1.         Kenya Lake System in the Great Rift Valley (Kenya) (N 1060rev)

Year of inscription on the World Heritage List  2011

Criteria  (vii)(ix)(x)

Year(s) of inscription on the List of World Heritage in Danger  N/A

Previous Committee Decisions  see page https://whc.unesco.org/en/list/1060/documents/

International Assistance

Requests approved: 0 (from 1999-2006)
Total amount approved: USD 45,000
For details, see page https://whc.unesco.org/en/list/1060/assistance/

UNESCO Extra-budgetary Funds

Total amount granted: USD 17,283 from UNESCO Regional Office for Eastern Africa (2015-2016)

Previous monitoring missions

N/A

Factors affecting the property identified in previous reports

Illustrative material  see page https://whc.unesco.org/en/list/1060/

Conservation issues presented to the World Heritage Committee in 2023

On 25 March 2022, the State Party submitted a report on the state of conservation of the property, available at https://whc.unesco.org/en/list/1060/documents/ and reporting as follows:

Analysis and Conclusions of the World Heritage Centre and IUCN

The continuous water level rise in all lakes of the property is of great concern as it has adverse socio-economic impacts, alters the lake boundaries for management, lowers the pH and salinity of the lakes and negatively affects biodiversity. In particular, the decrease in population of Lesser Flamingos, a key attribute of the Outstanding Universal Value (OUV) of the property is of utmost concern. It is recommended that the States Parties of Kenya, Ethiopia, and Tanzania are encouraged to undertake a joint survey in the East African Rift and develop a Lesser Flamingo Action Plan for the region, with cooperation of the IUCN/SSC-Flamingo Specialist Group. At the time of inscription, the World Heritage Committee encouraged the States Parties of Kenya and the United Republic of Tanzania, as well as other relevant States Parties, to cooperate regarding the effective conservation of Lake Natron and other lakes in the region, and to consider further potential serial extensions as part of a potential transnational serial property.

It is concerning that the water level scoping report notes that while the cause of the lake level rise appears largely to be due to climate change, the problem is also exacerbated by land use change and practices in the lake basin which cause increasing run off and thus larger volumes of water flowing into the lakes. The recommendations of the scoping report including the mapping of the riparian zones and relocation or rehabilitation of the sewage treatment plants, raising awareness of the impacts of climate change as well as the establishment of buffer zones should be implemented ; while at the same time urgent action needs to be undertaken to address, in close collaboration with local communities, deforestation and land degradation in the basin and especially in the Mau escarpment, as already recommended at the time of inscription.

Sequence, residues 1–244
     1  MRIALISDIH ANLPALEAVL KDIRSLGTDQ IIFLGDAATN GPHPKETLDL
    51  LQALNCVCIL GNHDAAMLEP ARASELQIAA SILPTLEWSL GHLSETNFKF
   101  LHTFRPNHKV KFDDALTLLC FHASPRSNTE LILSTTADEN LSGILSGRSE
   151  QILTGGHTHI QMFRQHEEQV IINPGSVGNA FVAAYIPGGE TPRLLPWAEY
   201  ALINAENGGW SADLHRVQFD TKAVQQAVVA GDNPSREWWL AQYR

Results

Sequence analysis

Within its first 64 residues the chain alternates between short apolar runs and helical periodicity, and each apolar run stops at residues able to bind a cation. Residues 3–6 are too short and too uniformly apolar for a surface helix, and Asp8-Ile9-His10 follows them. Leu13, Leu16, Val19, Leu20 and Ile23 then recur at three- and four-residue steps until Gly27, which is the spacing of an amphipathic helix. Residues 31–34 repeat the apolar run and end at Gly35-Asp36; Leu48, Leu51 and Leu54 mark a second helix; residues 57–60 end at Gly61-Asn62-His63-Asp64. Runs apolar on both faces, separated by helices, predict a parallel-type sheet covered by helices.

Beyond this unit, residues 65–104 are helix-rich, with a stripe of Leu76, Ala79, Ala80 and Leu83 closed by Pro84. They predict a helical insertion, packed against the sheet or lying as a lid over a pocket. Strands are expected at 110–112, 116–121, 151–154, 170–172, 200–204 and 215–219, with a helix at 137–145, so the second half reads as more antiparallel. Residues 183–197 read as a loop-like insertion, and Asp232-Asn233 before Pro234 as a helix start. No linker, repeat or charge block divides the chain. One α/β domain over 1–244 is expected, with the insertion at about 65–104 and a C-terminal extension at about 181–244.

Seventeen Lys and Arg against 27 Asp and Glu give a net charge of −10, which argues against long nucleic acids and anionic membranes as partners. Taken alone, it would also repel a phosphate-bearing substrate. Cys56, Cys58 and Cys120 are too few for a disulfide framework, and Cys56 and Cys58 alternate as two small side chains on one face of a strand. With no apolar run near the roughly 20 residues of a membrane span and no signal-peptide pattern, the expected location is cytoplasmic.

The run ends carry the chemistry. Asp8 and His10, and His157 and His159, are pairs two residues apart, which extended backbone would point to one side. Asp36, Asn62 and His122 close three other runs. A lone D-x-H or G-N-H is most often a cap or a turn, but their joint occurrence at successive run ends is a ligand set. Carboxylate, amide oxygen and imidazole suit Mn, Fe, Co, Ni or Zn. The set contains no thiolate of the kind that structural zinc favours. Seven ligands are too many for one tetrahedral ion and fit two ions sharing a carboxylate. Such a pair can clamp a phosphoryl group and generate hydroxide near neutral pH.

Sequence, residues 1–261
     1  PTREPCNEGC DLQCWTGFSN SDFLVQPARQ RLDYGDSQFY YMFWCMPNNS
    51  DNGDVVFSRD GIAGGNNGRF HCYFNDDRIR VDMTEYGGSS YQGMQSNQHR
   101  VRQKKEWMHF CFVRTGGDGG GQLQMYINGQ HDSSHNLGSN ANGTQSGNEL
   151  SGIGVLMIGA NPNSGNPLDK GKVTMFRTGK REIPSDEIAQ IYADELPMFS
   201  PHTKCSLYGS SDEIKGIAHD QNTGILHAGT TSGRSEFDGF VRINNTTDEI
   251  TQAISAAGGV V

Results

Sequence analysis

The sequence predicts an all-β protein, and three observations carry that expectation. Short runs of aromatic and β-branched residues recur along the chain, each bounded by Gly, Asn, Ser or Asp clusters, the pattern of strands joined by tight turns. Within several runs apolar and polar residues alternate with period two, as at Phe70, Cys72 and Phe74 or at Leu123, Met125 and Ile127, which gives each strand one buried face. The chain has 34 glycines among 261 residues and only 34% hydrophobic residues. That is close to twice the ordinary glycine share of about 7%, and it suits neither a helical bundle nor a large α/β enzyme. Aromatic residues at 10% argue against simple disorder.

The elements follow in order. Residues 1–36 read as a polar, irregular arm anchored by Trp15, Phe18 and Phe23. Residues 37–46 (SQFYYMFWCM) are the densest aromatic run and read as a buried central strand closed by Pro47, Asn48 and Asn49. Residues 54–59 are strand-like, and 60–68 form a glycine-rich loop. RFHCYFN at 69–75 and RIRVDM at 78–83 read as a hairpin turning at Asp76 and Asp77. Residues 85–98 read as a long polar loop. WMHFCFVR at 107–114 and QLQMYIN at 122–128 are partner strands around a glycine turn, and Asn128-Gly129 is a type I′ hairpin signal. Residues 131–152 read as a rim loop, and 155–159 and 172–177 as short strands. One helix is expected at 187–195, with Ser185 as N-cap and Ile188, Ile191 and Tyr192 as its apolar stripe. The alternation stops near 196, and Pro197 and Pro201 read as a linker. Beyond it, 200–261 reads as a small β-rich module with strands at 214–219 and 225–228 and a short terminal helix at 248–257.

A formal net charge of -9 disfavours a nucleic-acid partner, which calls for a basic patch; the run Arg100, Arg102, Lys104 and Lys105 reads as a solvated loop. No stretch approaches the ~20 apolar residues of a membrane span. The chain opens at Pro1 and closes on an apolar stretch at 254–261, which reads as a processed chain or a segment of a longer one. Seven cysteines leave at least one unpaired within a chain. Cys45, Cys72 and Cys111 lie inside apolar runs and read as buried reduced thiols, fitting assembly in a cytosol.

The State Party’s engagement with stakeholders, landowners and rightsholders on the feasibility of securing a wildlife corridor between Lakes Nakuru and Naivasha is noted, although it is not explicit if this includes the corridor between Lakes Nakuru and Elementaita. It is recalled that at the time of inscription, there was an agreement in principle between the Kenya Wildlife Service and the Soysambu Conservancy to open a wildlife corridor between Lakes Nakuru and Elementaita, and that this was considered important to protect the ecological connectivity of these components. While proposing a wildlife corridor through existing wayleaves has its benefits, site selection and design should be based on an evaluation of the relevant needs of specific species to allow the potential corridor to accommodate movement of each target species. This should be accompanied by a suitable monitoring programme to assess the effectiveness of the corridor. It is recommended that the State Party provide more information on this proposal and that the Committee reiterate its request to the State Party to consider the possible extension and formalization of the buffer zone to restore connectivity and further strengthen protection.

Regrettably, no details of the January 2020 meeting on the coordinated management system of the three components of the property are given, such as the main conclusions, decisions or who was consulted.

It is noted that the zonation scheme will be revised once the lake levels subside and as the infrastructure is being rehabilitated, however, the State Party should be reminded of past Committee Decisions (39 COM 7B.5, and 41 COM 7B.21) to develop and implement clear and strict regulations, in collaboration with all stakeholders and rightsholders, to prohibit any development in close proximity to sensitive areas that could affect the OUV of the property.